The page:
Module Organization and selection

KDE Software Organization

KDE software is split into different components, many of which can be built by kdesrc-build. Understanding this organization will help you properly select the software modules that you want built.

  1. At the lowest level comes the Qt™ library, which is a very powerful, cross-platform toolkit library. KDE is based on Qt™, and some of the non-KDE libraries required by KDE are also based on Qt™. kdesrc-build can build Qt™, or use the one already installed on your system if it is a recent enough version.

  2. On top of Qt™ are required libraries that are necessary for KDE software to work. Some of these libraries are not considered part of KDE itself due to their generic nature, but are still essential to the KDE Platform. These libraries are collected under a kdesupport module grouping but are not considered part of the Frameworks libraries.

  3. On top of these essential libraries come the KDE Frameworks, sometimes abbreviated as KF5, which are essential libraries for the KDE Plasma desktop, KDE Applications, and other third-party software.

  4. On top of the Frameworks, come several different things:

    • Third-party applications. These are applications that use the KDE Frameworks or are designed to run under KDE Plasma but are not authored by or in association with the KDE project.

    • Plasma, which is a full workspace desktop environment. This is what users normally see when they log-in to KDE.

    • The KDE Application suite. This is a collection of useful software included with the Platform and Plasma™ Desktop, grouped into individual modules, including utilities like Dolphin, games like KSudoku, and productivity software released by KDE such as Kontact.

    • Finally, there is a collection of software (also collected in modules) whose development is supported by KDE resources (such as translation, source control, bug tracking, etc.) but is not released by KDE as part of Plasma or the Application suite. These modules are known as Extragear.

Selecting modules to build

Selecting which of the possible modules to build is controlled by the configuration file. After the global section is a list of modules to build, bracketed by module ... end module lines. An example entry for a module is shown in Example 2.4, “Example module entry in the configuration file”.

Example 2.4. Example module entry in the configuration file

module kdesrc-build-git
    # Options for this module go here, example:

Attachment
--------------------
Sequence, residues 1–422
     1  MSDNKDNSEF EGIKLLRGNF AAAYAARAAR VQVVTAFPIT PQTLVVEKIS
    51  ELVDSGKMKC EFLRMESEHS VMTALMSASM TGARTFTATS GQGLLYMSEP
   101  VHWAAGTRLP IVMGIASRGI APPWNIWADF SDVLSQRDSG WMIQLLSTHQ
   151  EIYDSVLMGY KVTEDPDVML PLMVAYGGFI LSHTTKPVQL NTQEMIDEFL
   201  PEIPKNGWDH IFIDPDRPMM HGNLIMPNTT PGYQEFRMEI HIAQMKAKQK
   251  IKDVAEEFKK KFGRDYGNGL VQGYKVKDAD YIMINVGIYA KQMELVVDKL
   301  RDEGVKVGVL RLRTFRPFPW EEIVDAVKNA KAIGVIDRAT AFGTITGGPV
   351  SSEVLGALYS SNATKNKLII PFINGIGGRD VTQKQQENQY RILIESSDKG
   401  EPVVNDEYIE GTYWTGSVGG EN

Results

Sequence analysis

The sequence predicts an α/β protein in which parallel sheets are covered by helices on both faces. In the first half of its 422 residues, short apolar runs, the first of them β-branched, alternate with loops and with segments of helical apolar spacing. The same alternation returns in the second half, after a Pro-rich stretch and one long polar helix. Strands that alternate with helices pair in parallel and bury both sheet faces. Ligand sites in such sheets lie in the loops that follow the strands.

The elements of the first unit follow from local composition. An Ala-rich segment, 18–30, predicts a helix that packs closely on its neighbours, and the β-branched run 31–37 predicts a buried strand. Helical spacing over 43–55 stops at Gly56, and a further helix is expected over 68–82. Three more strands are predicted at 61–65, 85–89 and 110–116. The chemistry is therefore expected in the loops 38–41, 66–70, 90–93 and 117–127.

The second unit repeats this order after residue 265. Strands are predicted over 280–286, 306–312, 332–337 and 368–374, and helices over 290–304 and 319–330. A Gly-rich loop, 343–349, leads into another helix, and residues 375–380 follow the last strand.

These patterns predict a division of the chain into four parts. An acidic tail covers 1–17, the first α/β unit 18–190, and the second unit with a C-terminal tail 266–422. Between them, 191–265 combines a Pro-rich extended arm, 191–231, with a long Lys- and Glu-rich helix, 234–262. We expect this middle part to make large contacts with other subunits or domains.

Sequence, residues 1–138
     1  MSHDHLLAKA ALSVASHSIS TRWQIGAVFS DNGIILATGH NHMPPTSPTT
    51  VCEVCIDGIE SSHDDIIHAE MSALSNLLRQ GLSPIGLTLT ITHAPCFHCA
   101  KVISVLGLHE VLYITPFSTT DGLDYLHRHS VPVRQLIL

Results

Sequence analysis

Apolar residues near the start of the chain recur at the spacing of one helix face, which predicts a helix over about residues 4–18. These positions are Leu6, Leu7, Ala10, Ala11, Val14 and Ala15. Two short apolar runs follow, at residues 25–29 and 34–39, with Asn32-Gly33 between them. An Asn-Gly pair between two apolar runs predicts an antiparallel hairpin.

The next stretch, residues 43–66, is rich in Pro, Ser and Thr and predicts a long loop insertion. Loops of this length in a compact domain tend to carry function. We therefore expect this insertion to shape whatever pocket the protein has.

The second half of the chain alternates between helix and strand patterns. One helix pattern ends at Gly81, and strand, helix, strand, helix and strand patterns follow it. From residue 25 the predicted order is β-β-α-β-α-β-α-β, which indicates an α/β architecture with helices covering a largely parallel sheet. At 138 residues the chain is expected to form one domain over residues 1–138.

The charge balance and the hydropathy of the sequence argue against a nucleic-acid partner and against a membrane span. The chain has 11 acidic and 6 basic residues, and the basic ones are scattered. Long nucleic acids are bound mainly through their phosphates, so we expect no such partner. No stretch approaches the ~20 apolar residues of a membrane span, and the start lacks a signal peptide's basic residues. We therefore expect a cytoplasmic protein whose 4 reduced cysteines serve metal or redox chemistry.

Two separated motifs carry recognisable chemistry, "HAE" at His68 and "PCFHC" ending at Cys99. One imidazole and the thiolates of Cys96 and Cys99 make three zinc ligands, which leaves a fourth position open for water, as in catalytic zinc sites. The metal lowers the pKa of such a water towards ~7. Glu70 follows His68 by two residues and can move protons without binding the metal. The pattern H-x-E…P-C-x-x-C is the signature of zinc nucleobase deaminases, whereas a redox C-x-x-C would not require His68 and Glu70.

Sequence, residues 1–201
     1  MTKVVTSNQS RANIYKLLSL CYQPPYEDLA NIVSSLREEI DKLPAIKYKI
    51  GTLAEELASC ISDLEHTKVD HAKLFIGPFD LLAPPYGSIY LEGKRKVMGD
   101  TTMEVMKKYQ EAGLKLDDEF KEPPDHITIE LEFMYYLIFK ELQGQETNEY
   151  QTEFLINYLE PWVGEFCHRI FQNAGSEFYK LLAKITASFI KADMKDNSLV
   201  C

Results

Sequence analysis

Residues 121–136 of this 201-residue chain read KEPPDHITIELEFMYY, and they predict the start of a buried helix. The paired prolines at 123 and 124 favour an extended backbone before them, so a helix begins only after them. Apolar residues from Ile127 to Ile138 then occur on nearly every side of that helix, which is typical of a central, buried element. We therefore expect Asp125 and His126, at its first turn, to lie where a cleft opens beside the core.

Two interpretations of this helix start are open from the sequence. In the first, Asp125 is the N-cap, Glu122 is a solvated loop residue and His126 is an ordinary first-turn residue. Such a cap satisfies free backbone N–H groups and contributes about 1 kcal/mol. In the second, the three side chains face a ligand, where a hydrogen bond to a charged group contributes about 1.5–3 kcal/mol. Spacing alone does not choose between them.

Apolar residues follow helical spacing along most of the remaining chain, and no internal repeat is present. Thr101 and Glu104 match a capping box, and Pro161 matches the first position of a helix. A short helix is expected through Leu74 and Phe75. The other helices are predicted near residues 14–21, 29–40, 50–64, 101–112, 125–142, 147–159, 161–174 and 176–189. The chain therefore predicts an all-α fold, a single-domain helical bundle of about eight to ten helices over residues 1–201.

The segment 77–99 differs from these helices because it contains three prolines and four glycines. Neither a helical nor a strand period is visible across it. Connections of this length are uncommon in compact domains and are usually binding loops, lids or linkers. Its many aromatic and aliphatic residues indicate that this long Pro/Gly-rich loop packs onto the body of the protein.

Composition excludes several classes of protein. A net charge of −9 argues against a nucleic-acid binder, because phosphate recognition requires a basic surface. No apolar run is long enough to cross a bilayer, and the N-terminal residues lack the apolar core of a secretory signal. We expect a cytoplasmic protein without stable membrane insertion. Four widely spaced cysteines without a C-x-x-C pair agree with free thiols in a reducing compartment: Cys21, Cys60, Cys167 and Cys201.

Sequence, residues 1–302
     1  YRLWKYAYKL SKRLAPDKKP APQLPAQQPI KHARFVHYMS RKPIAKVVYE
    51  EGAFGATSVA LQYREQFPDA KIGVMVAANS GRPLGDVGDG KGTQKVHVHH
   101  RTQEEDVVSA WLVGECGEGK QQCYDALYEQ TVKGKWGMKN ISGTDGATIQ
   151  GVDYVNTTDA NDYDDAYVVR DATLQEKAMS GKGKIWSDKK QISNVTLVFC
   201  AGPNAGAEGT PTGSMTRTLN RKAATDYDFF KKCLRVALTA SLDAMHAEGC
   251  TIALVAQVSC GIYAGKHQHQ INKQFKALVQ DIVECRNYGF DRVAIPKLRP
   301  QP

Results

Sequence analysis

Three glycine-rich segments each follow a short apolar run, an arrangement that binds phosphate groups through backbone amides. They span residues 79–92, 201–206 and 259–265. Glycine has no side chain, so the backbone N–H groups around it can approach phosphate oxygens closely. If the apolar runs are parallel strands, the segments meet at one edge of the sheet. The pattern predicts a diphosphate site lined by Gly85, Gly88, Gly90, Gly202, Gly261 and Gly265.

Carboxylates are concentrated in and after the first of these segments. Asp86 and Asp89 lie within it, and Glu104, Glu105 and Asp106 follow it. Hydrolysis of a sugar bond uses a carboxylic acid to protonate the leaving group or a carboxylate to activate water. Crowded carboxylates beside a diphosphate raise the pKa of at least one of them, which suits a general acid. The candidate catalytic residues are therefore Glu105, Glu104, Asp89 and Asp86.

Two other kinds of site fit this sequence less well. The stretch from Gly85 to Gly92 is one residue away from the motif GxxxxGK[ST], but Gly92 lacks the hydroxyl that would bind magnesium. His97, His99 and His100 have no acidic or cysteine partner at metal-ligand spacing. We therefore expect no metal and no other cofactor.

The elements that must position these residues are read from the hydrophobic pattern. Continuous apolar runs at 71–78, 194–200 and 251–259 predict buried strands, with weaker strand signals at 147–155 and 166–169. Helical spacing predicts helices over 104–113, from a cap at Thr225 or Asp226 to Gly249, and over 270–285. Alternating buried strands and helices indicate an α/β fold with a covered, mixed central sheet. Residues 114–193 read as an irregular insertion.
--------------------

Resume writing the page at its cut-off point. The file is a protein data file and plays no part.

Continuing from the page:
repository kde:kdesrc-build
    make-options -j4 # Run 4 compiles at a time
end module

Note

In practice, this module construct is not usually used directly. Instead most modules are specified via module-sets as described below.

When using only module entries, kdesrc-build builds them in the order you list, and does not attempt to download any other repositories other than what you specify directly.

Module Sets

The KDE source code is decomposed into a great number of relatively small Git-based repositories. To make it easier to manage the large number of repositories involved in any useful KDE-based install, kdesrc-build supports grouping multiple modules and treating the group as a module set.

The basic module set concept

By using a module set, you can quickly declare many Git modules to be downloaded and built, as if you'd typed out a separate module declaration for each one. The repository option is handled specially to setup where each module is downloaded from, and every other option contained in the module set is copied to every module generated in this fashion.

Example 2.5. Using module sets

global
    git-repository-base kde-git kde:
end global

module qt
    # Options removed for brevity
end module

module-set kde-support-libs
    repository kde-git
    use-modules automoc attica akonadi
end module-set

# Other modules as necessary...
module kdesupport
end module

In Example 2.5, “Using module sets” a brief module set is shown. When kdesrc-build encounters this module set, it acts as if, for every module given in use-modules, that an individual module has been declared, with its repository equal to the module-set's repository followed immediately by the given module name.

In addition, other options can be passed in a module set, which are copied to every new module that is created this way. By using module-set it is possible to quickly declare many Git modules that are all based on the same repository URL. In addition, it is possible to give module-sets a name (as shown in the example), which allows you to quickly refer to the entire group of modules from the command line.

Special Support for KDE module sets

The module set support described so far is general to any Git-based modules. For the KDE Git repositories, kdesrc-build includes additional features to make things easier for users and developers. This support is enabled by specifying kde-projects as the repository for the module set.

kdesrc-build normally only builds the modules you have listed in your configuration file, in the order you list them. But with a kde-projects module set, kdesrc-build can do dependency resolution of KDE-specific modules, and in addition automatically include modules into the build even if only indirectly specified.

Example 2.6. Using kde-projects module sets

# Only adds a module for juk (the kde/kdemultimedia/juk repo)
module-set juk-set
    repository kde-projects